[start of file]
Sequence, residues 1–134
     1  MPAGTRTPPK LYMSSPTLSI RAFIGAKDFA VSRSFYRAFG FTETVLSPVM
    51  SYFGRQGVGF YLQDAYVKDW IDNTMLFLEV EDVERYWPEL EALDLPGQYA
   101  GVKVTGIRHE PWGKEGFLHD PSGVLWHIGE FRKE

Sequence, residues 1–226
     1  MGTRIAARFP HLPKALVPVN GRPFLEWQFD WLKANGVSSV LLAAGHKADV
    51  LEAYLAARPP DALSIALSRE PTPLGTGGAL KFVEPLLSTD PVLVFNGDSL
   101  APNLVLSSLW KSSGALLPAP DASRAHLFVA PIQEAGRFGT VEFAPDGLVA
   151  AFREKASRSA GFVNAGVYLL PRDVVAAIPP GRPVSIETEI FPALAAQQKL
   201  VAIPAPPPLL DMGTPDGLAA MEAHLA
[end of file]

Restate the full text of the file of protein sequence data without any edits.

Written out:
Sequence, residues 1–134
     1  MPAGTRTPPK LYMSSPTLSI RAFIGAKDFA VSRSFYRAFG FTETVLSPVM
    51  SYFGRQGVGF YLQDAYVKDW IDNTMLFLEV EDVERYWPEL EALDLPGQYA
   101  GVKVTGIRHE PWGKEGFLHD PSGVLWHIGE FRKE

Sequence, residues 1–226
     1  MGTRIAARFP HLPKALVPVN GRPFLEWQFD WLKANGVSSV LLAAGHKADV
    51  LEAYLAARPP DALSIALSRE PTPLGTGGAL KFVEPLLSTD PVLVFNGDSL
   101  APNLVLSSLW KSSGALLPAP DASRAHLFVA PIQEAGRFGT VEFAPDGLVA
   151  AFREKASRSA GFVNAGVYLL PRDVVAAIPP GRPVSIETEI FPALAAQQKL
   201  VAIPAPPPLL DMGTPDGLAA MEAHLA